The Atlanta Hawks’ fondest wish is for Williams to continue to improve and thrive so much that some day, in a write-up like this one, some snarky columnist won’t be forced to remind everyone that they passed up Chris Paul and Deron Williams. (Guess it ain’t happening this time.) While Williams’ progress pales in comparison to the Dream Teamers in his draft class, he actually did put together a pretty nice season in 2007-08 – scoring just under 15 points per game with 5.7 boards – and he seems to have the size, skill and athleticism to do even better. (He’ll need to, to help fill the void left by Josh Childress’ defection to Greece.)
If Williams gets the playing time, we could see the game that got him selected ahead of Chris Paul in the 2005 draft. Williams is starting to develop more of an offensive game (13.1 ppg) to go along with his great size and athleticism, and he has the ability to improve on his 5.3 rpg from last season. On the other hand, Williams could stagnate or even decline if fellow top-five picks Al Horford and/or Shelden Williams do enough to cut into his minutes. The Hawks would love for Williams to play well enough to justify his selection over Paul and Deron Williams, so expect him to get every opportunity to prove himself.
As a rookie last year, Williams showed flashes of why he was drafted No. 2 overall in the 2005 draft. He averaged 11.1 points and 5.4 boards after the All-Star break, but only averaged 28 minutes a night in Atlanta’s crowded frontcourt. With Al Harrington in Indiana, the 6-9 Williams should get more playing time and could potentially start if the Hawks decide to go small. Williams has a deft mid-range game and is solid rebounder. He should be on your radar in the latter rounds if you need points and boards.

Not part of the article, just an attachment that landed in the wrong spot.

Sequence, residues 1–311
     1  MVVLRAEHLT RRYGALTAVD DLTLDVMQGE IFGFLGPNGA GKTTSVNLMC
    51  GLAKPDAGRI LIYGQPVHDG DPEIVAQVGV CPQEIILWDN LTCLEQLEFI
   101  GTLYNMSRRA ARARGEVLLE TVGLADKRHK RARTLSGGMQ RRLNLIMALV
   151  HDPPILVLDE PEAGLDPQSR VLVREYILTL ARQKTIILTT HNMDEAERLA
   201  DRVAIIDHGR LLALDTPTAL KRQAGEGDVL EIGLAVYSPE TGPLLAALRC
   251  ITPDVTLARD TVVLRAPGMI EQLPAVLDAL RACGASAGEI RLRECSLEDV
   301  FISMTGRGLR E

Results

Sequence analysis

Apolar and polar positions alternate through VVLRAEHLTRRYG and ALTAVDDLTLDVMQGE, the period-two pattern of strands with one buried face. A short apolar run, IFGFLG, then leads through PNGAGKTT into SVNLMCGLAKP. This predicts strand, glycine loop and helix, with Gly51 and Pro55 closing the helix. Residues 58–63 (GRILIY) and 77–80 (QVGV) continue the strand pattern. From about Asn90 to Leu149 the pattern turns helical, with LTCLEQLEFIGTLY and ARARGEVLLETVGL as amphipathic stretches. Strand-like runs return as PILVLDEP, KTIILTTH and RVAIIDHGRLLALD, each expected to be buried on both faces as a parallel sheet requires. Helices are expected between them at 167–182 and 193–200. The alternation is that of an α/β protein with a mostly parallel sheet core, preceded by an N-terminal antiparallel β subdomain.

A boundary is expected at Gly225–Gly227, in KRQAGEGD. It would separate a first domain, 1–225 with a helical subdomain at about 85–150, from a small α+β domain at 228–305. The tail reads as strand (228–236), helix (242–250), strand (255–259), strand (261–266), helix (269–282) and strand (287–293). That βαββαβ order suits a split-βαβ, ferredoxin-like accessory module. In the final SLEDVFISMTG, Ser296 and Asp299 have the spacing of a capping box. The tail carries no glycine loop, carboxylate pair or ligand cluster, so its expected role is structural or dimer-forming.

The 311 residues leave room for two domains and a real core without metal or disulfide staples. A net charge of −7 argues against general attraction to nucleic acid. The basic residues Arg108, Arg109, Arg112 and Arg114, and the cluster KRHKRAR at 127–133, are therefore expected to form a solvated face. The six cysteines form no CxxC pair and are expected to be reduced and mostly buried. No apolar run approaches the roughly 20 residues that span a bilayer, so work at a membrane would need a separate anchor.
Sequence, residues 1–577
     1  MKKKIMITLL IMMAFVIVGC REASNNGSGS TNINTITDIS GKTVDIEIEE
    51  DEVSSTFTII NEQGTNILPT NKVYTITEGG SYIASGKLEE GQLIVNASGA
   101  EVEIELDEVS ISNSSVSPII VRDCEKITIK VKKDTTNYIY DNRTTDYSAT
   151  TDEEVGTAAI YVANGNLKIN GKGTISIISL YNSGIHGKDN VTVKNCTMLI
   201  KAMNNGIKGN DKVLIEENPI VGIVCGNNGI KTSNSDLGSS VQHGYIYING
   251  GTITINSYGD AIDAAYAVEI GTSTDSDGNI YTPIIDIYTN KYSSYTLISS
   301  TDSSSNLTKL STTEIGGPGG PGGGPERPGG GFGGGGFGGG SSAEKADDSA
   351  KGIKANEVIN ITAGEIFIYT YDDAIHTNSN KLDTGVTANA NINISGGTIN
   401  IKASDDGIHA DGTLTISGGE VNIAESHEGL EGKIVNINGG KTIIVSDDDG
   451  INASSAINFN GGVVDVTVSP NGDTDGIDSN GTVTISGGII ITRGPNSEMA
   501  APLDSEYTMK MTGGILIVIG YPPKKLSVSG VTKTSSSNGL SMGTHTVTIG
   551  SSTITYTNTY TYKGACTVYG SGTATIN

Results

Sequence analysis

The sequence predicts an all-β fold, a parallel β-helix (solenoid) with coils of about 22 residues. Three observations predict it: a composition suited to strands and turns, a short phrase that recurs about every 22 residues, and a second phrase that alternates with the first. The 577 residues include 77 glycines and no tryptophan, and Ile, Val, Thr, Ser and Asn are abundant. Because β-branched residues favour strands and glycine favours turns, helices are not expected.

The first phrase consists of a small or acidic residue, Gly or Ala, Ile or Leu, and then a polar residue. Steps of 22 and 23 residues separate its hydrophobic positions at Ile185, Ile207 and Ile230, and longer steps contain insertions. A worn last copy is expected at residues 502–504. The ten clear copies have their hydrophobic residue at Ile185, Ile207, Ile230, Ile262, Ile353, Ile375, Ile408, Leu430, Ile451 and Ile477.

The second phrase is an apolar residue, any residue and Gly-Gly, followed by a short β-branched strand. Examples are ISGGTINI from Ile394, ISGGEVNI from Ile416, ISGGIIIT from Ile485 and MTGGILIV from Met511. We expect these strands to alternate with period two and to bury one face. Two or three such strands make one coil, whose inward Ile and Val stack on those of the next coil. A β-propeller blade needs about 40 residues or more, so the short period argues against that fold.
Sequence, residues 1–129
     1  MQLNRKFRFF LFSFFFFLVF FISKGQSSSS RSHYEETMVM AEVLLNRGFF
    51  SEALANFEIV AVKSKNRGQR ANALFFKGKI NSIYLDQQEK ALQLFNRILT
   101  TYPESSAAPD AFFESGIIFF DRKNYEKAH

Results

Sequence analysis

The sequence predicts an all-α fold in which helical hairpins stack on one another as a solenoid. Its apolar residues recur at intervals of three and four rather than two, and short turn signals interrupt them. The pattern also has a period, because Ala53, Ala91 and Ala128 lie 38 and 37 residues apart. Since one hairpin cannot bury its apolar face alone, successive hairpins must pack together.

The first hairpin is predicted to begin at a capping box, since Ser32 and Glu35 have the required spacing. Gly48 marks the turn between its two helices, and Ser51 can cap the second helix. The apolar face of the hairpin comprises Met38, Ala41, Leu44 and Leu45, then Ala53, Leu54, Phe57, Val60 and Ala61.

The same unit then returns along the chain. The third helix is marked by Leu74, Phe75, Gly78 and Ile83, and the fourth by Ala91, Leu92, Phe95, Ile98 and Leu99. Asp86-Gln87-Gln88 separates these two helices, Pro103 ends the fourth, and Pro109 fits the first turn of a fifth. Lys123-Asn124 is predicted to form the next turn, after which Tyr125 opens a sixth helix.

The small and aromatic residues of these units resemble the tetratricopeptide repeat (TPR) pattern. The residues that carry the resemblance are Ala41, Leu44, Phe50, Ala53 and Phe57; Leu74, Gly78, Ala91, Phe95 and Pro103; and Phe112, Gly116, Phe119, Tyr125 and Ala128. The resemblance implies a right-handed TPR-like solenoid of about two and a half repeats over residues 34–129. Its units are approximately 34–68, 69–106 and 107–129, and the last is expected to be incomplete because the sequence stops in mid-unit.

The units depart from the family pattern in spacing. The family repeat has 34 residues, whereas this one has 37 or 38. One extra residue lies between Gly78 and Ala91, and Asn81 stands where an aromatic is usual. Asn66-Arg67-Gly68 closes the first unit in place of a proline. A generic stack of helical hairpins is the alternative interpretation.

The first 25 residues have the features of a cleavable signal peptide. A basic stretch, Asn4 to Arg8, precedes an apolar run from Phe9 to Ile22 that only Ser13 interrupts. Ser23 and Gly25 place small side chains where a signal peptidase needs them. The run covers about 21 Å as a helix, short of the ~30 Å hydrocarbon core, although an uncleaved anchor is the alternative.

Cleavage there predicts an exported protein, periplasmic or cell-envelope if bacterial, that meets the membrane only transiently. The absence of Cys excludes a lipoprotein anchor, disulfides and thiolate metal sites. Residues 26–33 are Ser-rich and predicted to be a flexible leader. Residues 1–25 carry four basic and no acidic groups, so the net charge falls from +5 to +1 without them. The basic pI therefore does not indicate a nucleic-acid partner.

Williams has all the upside in the world, but consider that he didn't start for his own college team last year before you believe the hype and pick up
the No. 2 draft choice in the hope that he'll help your fantasy team right now. Look at the career of Jermaine O'Neal to get a sense of who Williams might become: O'Neal averaged around four points per game in his first four years in the league before blossoming in his fifth season. While Williams did get a year of college ball in to further refine his game, he's still likely at least a year or two away from helping a fantasy team.
After flirting with declaring for the NBA draft straight out of high schoo, Williams committed to UNC and played a sixth man role off the bench. Williams possesses great athleticism and has a developed inside and outside game. On the flip side, Williams is still very young and inexperienced and won't be an impact player out of the gates. He's a consensus top three pick and currently the favorite to be the first overall pick in this year's draft.